Escape from the Woo Zoo

Escape from the Woo Zoo: What You Can Do

One of the most important things I’ve learned from reading and writing about the lengths to which we go to reject woo, it’s that everyone has a different story. Some people are curious and hyper-rational by nature, some are seduced by the fantastical claims of homeopathy, and some are raised from birth to believe ancient stories are fact. The world is a complicated and confusing place, and it can be hard to sift through the muck. And if I’m remembering my high school days correctly, that goes double for a teenager.

Because the terrain can be so rough, we – as people who are convinced of the value of critical thinking – should make ourselves available to people who want to see the world how it is. It’s easy to find groups that support the propagation of false information and damaging ideas. It’s hard to go against the grain when all of your friends go to the same church, or subscribe to the same erroneous views on alternative medicine.

Escaping the Woo Zoo needs to be a community effort. There are a few things you can do help people transition from the false wooniverse to the fabulously real universe.

Always ask questions and don’t be afraid of confrontation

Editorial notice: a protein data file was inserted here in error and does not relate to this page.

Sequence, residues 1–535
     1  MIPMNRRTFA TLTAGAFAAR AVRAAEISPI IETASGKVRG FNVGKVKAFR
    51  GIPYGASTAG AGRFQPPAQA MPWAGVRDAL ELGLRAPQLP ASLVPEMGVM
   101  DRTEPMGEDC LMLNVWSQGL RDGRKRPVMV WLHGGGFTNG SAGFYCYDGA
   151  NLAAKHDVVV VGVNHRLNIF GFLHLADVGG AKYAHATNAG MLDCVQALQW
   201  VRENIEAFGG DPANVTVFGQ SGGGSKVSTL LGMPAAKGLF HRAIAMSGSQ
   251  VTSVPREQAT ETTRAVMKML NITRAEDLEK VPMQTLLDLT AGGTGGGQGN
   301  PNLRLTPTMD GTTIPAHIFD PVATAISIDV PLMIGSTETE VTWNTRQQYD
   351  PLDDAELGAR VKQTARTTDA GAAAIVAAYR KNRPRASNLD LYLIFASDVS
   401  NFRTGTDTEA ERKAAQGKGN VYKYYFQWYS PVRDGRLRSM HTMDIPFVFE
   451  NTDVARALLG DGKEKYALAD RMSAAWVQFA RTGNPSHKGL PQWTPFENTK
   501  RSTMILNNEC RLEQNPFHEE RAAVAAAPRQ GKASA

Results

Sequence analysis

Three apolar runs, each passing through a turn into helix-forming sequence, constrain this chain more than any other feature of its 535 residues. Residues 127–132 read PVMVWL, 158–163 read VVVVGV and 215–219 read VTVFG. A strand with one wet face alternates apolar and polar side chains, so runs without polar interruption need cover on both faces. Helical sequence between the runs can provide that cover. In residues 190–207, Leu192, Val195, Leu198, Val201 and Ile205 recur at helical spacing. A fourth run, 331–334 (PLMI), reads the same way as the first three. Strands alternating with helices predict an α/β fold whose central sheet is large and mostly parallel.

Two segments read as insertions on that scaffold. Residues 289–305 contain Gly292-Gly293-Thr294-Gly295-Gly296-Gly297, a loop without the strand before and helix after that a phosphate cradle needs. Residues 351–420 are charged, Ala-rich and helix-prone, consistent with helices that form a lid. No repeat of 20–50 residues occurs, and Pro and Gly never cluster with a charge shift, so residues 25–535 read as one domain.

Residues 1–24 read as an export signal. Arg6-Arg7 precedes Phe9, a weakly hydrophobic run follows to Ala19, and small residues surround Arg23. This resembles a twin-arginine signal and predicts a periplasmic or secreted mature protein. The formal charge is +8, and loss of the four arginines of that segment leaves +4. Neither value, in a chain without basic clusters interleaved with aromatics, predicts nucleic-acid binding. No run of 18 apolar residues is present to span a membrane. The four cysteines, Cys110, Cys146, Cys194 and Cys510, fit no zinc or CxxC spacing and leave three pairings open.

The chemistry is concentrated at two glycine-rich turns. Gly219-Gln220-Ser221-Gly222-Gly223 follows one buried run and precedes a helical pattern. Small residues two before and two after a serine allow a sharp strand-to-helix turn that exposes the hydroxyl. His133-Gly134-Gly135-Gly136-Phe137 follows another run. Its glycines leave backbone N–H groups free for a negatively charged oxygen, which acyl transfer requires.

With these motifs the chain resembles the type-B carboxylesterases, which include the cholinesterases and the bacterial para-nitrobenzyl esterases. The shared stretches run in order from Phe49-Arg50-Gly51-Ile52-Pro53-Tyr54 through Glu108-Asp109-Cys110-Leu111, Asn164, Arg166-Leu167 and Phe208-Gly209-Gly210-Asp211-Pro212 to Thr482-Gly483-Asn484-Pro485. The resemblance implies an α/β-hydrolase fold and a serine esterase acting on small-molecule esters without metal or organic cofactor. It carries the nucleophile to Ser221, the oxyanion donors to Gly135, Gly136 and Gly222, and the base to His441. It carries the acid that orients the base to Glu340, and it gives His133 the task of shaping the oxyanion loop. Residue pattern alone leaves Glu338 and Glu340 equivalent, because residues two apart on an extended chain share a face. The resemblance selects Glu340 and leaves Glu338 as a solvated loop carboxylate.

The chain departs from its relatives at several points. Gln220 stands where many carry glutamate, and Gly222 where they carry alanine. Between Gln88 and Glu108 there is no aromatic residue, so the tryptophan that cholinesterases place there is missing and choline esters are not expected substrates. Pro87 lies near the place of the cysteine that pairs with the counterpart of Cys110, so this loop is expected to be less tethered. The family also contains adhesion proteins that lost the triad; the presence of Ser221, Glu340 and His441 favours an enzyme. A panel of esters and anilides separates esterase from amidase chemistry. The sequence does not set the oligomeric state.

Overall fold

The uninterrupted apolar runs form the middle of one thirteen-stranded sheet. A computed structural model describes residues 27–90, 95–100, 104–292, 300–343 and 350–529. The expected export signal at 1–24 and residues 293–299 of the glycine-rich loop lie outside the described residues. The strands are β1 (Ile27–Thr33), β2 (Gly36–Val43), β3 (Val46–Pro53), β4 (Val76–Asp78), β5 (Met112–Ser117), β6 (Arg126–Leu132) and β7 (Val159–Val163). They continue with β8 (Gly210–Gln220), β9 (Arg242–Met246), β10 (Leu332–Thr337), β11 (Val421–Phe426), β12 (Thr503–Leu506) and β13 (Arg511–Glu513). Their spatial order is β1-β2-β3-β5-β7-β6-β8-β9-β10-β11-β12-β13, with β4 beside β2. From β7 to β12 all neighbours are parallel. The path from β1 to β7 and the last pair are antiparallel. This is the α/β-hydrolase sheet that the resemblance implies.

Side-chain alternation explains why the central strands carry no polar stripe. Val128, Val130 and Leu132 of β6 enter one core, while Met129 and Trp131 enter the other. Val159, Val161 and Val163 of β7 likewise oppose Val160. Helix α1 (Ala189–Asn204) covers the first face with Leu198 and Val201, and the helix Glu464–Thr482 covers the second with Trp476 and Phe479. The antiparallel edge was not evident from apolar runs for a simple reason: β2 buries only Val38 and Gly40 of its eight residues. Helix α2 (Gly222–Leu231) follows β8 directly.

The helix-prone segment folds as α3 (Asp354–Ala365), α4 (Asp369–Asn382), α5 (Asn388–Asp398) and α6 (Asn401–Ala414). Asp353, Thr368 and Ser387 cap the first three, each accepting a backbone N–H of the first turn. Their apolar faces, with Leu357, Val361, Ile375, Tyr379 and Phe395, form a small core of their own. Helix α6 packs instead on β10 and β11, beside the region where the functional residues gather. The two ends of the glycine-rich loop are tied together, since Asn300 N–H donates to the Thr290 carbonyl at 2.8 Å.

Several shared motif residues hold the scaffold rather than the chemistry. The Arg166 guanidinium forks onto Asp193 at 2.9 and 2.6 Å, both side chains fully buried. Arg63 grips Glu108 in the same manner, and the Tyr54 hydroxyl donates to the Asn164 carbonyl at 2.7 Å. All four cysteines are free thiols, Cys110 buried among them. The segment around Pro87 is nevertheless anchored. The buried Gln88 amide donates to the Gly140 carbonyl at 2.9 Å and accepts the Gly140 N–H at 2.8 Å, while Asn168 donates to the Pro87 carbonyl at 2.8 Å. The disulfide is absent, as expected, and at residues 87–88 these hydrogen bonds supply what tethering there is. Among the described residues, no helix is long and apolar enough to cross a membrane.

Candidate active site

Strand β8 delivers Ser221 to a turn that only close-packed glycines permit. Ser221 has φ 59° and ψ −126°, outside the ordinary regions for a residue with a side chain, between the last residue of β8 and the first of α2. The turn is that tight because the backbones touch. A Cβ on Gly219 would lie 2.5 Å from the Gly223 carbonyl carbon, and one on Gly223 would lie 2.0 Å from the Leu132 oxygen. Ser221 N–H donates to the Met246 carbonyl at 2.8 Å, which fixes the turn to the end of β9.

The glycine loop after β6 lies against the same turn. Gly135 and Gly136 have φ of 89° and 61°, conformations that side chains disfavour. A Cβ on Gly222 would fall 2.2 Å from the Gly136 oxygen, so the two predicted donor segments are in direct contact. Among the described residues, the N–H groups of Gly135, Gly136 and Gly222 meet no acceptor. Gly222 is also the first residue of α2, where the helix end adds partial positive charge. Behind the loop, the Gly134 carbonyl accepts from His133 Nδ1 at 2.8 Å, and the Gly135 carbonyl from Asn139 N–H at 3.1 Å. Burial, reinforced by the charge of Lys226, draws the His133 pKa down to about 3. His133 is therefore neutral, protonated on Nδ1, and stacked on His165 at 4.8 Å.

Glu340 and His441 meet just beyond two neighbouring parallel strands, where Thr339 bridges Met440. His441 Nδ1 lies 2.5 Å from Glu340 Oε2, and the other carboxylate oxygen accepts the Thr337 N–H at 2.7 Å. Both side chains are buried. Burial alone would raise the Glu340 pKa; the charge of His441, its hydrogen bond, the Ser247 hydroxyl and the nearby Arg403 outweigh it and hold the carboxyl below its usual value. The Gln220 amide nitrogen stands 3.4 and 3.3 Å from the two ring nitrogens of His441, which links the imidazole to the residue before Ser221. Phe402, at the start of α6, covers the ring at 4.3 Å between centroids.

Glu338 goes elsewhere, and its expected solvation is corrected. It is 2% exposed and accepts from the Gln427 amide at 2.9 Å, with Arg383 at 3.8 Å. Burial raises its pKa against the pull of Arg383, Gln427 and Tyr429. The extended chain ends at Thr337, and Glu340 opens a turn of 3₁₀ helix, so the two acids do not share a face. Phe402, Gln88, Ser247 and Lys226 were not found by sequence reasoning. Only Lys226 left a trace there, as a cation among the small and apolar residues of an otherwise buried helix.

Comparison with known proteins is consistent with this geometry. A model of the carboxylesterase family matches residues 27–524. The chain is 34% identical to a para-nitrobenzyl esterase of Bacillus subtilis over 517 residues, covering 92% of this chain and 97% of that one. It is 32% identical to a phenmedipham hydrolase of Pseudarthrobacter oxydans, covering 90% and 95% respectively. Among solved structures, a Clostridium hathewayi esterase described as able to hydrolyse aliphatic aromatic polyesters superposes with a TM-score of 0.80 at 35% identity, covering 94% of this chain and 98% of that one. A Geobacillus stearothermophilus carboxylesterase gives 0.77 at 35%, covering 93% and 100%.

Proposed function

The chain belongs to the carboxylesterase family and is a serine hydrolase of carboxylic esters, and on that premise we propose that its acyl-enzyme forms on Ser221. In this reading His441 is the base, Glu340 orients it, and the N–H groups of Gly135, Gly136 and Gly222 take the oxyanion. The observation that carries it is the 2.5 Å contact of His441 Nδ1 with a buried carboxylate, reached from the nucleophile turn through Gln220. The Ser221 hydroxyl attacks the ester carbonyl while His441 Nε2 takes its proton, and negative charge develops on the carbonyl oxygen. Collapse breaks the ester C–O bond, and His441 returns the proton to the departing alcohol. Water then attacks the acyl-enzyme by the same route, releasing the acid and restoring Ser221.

Is your biology teacher “teaching the controversy”? Or are you confused by Beowulf or The Canterbury Tales? Or is no one correcting the false information being spouted by a fellow student? Ask questions, and demand answers. You can’t have informed opinions about anything if you don’t understand it, and you can’t dispel misinformation if you just let it hang there in space. Over on Skepchick, Maria has written about the importance of debate in the skeptical movement. Plus, if you’re willing to speak up, other people may be inspired to follow. It’s easier to do things in groups, but someone has to be first.

But be polite about it. Rudeness will distract from the argument and turn people off.

Start a skeptical group

There might be fellow skeptics walking by you in the hall, and you may not even know it. What better way to meet closeted skeptics than starting your own group? This will provide an opportunity to network with like-minded people. A good place to start is the Secular Student Alliance. There, you can search for a group, or, if there isn’t one, get information about how to start a group.

Just be there

Be an out and proud skeptic. Be involved in things and never stop learning. You can be an ambassador for the movement by just being the amazing person you are.

Oh, and as always, read Teen Skepchick.

Featured image credit: bgottsab

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Mindy

Mindy

Mindy is an attorney and Managing Editor of Teen Skepchick. She hates the law and loves stars. You can follow her on Twitter and on Google+.

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